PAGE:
- Exhibition Label
- Born New Orleans, Louisiana
- Jazz trumpeter and singer Louis Armstrong was also known as “Satchmo” or “Pops.” His first formal music lessons took place at the Colored Waifs’ Home in New Orleans, where Armstrong was detained as a juvenile delinquent for firing a pistol on New Year’s Eve. After his release about eighteen months later, he pursued a career as a musician. Playing with pick-up bands and in small clubs, Armstrong, his mentor Joe “King” Oliver, Jelly Roll Morton, Sidney Bechet, and others began creating new band music out of blues and ragtime. In the 1920s, as Armstrong left New Orleans for Chicago and New York City, his popularity exploded. He wowed audiences with groundbreaking trumpet solos, improvisations, and his “scat” singing.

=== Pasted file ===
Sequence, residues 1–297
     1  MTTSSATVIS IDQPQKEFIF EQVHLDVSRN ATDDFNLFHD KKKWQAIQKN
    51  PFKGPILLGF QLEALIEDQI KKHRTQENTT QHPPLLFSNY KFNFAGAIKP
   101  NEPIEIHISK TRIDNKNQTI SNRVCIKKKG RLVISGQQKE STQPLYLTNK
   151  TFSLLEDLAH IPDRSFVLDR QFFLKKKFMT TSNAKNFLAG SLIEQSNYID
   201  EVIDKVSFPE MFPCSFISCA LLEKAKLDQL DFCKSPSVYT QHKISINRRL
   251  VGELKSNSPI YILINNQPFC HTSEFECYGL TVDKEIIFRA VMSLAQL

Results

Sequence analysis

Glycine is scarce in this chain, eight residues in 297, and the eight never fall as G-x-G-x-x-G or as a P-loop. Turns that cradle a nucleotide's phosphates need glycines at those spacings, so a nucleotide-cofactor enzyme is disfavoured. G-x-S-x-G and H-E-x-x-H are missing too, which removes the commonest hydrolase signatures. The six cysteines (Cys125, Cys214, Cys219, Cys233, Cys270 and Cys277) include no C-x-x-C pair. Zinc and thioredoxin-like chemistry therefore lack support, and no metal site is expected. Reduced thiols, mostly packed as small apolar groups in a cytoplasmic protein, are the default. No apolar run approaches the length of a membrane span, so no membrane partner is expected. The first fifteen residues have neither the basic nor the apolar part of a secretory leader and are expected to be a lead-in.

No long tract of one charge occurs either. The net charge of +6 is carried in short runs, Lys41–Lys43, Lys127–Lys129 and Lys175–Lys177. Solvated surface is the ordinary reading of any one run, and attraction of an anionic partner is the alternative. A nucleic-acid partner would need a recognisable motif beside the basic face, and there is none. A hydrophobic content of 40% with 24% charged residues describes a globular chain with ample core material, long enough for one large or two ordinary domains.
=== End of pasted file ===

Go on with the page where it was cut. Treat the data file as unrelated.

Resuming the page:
- This portrait shows the young Armstrong with his instrument. The reverse side lists Armstrong’s popular recordings from 1927 and 1928, including “West End Blues.”
- Data Source
- National Portrait Gallery
- Woodward's Studio, c. 1920 - 1930
- Louis Armstrong, 4 Aug 1901 - 6 Jul 1971
- c. 1928
- Credit Line
- National Portrait Gallery, Smithsonian Institution
- Halftone on paper
- Sheet: 25.5 x 20 cm (10 1/16 x 7 7/8")
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